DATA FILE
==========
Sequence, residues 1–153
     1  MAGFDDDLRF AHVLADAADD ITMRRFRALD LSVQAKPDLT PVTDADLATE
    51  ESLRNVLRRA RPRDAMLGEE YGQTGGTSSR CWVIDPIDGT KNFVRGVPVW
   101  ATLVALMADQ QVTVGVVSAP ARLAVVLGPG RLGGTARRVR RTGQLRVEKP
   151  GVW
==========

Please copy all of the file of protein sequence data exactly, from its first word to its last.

Sequence, residues 1–153
     1  MAGFDDDLRF AHVLADAADD ITMRRFRALD LSVQAKPDLT PVTDADLATE
    51  ESLRNVLRRA RPRDAMLGEE YGQTGGTSSR CWVIDPIDGT KNFVRGVPVW
   101  ATLVALMADQ QVTVGVVSAP ARLAVVLGPG RLGGTARRVR RTGQLRVEKP
   151  GVW